This is my original pattern from which I made the featured coat when I was in my mid-twenties. I loved this coat and only wish I still had it!

I am very anxious to make a coat from this pattern.

This is a beautiful example of a dressmaker coat.

Another dressmaker coat.

A coat better suited for everyday wear, but still beautiful.

One of the many catalogs we receive here at our home is the catalog from the J. Peterman Company. It is so creatively conceived and presented, with each entry reading like a mini story, and often evocative of other times and places. The “Owner’s Manual” (as the company’s catalogs are called) arriving during this past holiday season was no exception. Imagine my delight when turning the page to this entry for a “French Coat with timeless Parisian style.”

Click on the image to read its story.

But what really caught my eye was the caption at the top of the page: “I want to know the woman in that coat.” In a nutshell, that sums up the power of a beautiful coat. What fun to know that, as ones who can make our coats, we can also be the woman who made that coat!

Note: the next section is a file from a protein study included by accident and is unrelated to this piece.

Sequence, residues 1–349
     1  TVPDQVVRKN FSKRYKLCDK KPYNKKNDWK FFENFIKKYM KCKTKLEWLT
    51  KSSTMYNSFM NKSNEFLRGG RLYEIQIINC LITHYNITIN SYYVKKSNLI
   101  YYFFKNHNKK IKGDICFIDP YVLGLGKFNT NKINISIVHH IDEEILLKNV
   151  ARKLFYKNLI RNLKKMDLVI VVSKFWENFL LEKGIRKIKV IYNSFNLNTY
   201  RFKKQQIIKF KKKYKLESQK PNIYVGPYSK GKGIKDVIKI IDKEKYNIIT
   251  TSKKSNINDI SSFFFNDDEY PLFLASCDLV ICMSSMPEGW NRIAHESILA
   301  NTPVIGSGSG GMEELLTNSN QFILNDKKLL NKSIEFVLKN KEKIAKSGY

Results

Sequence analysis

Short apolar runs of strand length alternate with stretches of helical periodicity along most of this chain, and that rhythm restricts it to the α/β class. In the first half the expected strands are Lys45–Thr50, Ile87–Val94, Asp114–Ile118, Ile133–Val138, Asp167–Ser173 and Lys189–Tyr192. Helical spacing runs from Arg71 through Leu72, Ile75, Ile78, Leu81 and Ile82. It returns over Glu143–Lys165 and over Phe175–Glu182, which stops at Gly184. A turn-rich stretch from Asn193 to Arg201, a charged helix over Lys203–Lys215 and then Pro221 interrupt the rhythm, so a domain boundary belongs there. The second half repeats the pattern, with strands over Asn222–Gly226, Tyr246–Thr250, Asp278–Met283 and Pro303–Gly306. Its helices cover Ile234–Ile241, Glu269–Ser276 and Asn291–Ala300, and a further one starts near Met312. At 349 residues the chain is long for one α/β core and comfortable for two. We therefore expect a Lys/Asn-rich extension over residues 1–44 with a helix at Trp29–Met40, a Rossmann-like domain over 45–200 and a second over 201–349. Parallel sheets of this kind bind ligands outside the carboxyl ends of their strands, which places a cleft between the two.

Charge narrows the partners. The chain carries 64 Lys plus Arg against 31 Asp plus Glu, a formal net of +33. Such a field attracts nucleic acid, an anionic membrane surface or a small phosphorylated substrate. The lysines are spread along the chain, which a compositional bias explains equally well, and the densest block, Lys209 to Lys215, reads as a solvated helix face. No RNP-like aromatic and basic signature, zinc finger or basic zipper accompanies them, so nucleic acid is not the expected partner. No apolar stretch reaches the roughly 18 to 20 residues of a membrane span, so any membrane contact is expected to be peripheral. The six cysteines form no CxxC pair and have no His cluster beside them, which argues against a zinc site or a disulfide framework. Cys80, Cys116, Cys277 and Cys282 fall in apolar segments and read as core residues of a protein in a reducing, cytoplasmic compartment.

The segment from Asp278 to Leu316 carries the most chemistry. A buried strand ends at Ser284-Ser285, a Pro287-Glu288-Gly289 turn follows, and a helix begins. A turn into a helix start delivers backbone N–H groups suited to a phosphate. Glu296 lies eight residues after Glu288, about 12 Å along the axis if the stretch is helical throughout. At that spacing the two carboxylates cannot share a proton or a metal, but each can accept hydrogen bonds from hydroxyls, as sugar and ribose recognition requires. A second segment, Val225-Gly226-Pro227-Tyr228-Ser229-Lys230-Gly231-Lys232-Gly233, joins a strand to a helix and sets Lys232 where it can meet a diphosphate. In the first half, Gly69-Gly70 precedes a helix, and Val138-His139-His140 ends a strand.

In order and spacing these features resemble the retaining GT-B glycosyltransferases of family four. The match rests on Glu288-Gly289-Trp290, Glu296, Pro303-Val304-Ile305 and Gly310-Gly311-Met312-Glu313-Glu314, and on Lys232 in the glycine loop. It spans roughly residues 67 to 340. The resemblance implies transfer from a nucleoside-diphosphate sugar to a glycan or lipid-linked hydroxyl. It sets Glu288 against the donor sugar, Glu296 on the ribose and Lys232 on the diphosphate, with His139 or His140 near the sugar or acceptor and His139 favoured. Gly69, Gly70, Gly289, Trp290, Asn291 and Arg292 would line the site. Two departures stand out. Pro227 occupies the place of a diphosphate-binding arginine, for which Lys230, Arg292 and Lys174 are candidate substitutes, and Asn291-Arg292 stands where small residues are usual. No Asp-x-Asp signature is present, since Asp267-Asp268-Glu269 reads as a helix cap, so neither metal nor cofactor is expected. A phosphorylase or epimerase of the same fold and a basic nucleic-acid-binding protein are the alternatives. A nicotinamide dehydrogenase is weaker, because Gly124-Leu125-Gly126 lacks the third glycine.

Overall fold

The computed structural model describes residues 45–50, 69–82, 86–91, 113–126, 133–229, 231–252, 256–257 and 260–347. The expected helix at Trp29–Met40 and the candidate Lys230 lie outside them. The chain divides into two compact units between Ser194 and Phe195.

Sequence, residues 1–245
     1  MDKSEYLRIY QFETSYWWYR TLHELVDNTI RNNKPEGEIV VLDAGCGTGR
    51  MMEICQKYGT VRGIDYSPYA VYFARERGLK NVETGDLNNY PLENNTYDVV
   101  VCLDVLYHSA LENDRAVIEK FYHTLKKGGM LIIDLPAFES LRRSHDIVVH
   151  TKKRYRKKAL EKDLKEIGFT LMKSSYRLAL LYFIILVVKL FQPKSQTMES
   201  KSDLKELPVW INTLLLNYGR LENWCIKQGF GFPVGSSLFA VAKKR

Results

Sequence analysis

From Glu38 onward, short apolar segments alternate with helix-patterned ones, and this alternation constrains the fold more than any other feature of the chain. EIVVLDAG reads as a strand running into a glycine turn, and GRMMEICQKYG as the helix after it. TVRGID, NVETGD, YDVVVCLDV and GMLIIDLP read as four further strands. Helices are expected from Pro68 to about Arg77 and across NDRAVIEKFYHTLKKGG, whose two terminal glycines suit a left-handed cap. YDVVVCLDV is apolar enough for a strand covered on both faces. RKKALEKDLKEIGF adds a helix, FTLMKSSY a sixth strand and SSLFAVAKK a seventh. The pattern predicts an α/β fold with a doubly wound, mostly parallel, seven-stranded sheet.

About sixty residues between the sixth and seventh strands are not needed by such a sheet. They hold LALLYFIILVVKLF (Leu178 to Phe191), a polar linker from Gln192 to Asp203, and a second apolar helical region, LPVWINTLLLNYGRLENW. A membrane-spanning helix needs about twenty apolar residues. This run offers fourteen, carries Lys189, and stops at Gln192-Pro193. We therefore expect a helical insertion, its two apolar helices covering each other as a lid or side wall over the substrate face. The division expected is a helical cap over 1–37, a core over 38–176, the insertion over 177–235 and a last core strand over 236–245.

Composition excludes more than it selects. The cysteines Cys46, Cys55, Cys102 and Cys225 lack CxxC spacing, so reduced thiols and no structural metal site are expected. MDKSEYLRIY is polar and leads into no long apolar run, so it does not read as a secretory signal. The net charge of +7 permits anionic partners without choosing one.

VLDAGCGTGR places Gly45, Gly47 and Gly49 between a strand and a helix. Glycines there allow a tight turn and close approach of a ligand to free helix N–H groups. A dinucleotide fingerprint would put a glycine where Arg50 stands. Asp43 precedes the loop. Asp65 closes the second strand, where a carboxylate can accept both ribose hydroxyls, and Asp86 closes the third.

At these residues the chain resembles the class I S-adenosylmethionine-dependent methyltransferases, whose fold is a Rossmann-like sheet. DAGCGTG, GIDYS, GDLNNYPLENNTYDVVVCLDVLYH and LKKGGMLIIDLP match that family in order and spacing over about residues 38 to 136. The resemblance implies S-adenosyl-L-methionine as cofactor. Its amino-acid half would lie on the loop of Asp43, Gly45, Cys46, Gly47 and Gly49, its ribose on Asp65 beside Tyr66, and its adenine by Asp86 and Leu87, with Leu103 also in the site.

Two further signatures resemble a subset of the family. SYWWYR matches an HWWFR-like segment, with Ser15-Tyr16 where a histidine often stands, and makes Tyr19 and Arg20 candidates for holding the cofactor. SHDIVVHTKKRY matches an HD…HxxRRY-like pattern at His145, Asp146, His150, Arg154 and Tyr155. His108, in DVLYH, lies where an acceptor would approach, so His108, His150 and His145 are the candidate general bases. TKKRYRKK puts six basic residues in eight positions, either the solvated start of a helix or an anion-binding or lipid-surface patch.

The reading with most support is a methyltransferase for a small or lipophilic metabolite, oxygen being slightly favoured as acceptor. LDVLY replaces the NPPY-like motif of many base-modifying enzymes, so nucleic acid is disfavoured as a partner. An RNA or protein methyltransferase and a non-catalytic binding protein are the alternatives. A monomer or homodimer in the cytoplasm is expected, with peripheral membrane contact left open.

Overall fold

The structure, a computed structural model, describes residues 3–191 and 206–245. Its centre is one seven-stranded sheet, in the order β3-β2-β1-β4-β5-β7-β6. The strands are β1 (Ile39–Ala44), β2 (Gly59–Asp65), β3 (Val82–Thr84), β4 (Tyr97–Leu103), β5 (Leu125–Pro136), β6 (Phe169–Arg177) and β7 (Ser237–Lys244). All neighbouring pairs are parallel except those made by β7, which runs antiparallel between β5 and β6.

And now, in deference to some of my readers who want progress reports on my Number Four Classic French Jacket, here are a few photos – and a short quiz for those of you who have never made one of these jackets, but hope to one day.

Here is the neckline, ready to be stitched.

I call this the “vest” stage. This is the front of the jacket . . .

And this is the back of the jacket.

It is always fun to pin the sleeves on quickly just to see a jacket taking form!

As you can see, all the machine quilting is complete. I’ve finished the interior seams as much as I can at this point. The next step is to insert the sleeves. Then I can complete the finishing work on the interior seams and the hems and get to work on the trim and the pockets.